That Tier 1 instruction is the SPS Summer Bridge Program, in which it provides advanced instruction for high school students in Project Lead the Way, as well as Advanced Placement, International Baccalaureate or dual enrollment students.

For elementary and middle school students, enrichment areas include computer science, fine arts, health and wellness, nutrition, STEM and world languages.

“It’s good for everyone, but we’re being more creative in how we’re going to approach the bridge program,” Branch said. “And bridge is just as it states, it’s a connection. It’s a preparation, taking them from where they are to where they need to be.”

Gordon described this as a way to get an introduction to the next course in a student’s sequence or grade level.

“We’re really going to try to make the … regular summer school and Summer Bridge fun,” Gordon said. “I want to really eliminate that mantra of ‘Oh my God, I’m in summer school, I must be dumb’ or whatever. We want to make this fun. There’s going to be a lot of STEM activities.”

Extended school year services would be available for special education students if their Individualized Education Program team feels the services are necessary because the benefits the student may have gained during the school year would be in serious jeopardy if the student does not receive those services.

Branch said all of the summer learning models are integrated and students will be working on skills they need now and into the next year.

Logistically, the SPS Summer Series will operate Monday through Thursday from July 5 through Aug. 5. The SPS Summer Academy will be from July 12 through July 29.

The SPS Summer Series will be taking place at all of the division’s elementary schools except for Nansemond Parkway and Kilby Shores elementary schools, which will have facilities projects at those locations. Nansemond Parkway students in summer school will attend Florence Bowser, and Kilby Shores students will go to Pioneer.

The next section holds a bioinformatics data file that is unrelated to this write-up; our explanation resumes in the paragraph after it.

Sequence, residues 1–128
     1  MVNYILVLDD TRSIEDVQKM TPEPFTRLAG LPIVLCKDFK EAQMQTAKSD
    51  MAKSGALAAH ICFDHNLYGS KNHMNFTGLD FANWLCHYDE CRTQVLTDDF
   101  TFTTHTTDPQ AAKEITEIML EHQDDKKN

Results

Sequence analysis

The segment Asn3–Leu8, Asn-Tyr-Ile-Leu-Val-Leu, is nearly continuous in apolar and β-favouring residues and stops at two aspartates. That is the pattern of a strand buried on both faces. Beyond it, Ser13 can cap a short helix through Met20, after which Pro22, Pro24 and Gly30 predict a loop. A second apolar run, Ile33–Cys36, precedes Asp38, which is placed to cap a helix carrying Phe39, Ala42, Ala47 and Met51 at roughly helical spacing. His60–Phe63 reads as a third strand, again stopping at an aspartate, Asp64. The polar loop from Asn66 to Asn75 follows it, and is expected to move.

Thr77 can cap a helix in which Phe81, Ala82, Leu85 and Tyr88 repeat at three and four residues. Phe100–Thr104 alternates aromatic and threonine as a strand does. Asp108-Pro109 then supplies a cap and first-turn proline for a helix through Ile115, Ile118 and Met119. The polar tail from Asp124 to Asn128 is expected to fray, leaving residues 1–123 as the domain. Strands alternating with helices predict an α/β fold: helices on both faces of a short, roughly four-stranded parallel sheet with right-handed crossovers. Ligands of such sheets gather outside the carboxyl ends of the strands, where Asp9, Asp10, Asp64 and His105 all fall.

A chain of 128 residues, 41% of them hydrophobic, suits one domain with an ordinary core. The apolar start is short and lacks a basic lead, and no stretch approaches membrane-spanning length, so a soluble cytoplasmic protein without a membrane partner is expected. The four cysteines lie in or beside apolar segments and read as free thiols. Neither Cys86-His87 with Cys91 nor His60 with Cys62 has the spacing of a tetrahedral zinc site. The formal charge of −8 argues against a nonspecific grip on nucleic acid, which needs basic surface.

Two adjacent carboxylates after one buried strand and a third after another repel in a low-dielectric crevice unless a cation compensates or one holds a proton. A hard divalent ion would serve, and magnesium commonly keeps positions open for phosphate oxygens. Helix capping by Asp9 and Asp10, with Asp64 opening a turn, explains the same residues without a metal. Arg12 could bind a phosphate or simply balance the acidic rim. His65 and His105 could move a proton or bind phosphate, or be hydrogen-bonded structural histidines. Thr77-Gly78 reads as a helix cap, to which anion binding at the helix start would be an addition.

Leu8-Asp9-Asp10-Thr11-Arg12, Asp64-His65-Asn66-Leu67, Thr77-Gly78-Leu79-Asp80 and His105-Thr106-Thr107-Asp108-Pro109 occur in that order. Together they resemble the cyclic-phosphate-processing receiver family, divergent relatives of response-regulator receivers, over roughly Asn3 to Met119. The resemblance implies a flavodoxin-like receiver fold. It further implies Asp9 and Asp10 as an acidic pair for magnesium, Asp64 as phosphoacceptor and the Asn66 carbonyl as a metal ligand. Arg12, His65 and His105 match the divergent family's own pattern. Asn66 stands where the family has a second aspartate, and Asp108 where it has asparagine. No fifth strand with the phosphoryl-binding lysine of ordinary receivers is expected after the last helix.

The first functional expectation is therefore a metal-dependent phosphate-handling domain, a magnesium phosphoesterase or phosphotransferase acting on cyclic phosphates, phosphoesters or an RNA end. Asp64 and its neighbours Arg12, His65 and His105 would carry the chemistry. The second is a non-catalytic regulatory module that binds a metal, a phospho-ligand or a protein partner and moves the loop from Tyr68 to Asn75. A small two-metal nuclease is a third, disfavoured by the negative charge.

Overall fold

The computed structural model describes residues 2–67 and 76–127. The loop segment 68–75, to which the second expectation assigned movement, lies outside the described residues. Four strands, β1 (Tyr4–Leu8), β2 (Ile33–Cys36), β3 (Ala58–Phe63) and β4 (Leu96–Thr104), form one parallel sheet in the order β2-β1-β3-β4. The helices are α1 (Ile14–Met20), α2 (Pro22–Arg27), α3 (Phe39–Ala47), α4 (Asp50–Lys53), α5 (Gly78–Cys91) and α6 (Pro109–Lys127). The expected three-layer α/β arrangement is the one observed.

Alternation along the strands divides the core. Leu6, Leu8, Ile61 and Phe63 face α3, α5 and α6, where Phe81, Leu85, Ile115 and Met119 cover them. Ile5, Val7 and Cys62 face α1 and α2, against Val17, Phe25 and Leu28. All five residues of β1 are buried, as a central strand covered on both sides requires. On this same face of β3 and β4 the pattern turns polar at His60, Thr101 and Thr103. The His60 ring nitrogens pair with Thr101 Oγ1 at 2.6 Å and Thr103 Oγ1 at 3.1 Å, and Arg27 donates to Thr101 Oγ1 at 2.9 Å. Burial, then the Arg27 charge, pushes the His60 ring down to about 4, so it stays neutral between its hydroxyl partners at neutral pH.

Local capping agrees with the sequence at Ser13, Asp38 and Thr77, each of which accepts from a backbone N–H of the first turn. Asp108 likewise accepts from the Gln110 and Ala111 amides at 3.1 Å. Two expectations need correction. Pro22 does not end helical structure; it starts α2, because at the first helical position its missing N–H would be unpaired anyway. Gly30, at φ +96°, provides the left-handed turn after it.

Normally, city elementary students in summer school would attend at one location. However, in order “to provide instruction to all of our students based on the year that we’ve had and what we anticipate, we are hosting summer programs at each of our elementary schools,” Branch said, noting the two exceptions.

Middle school students will all be at King’s Fork Middle, and high school students will be at King’s Fork High.

The ESY program will be at Elephant’s Fork Elementary for elementary, and middle and high school students needing it will go to King’s Fork Middle. All of those students will attend four days per week for the duration of the program.

Transportation will be provided, as will breakfast and lunch, and all summer school programs are free for SPS students.

Students will get to complete their classes before the regular school year ends, and then those who need it will be able to attend summer school. However, those who want to build off their skills will have opportunities through the SPS Summer Series to build a bridge to the next skill and grade level.

“To us, it’s really all about the preparation for the next grade, or the next subject, because this pandemic is not going to be a one-year solution,” Gordon said. “We’re going to see the effects of this for at least three years, at least.”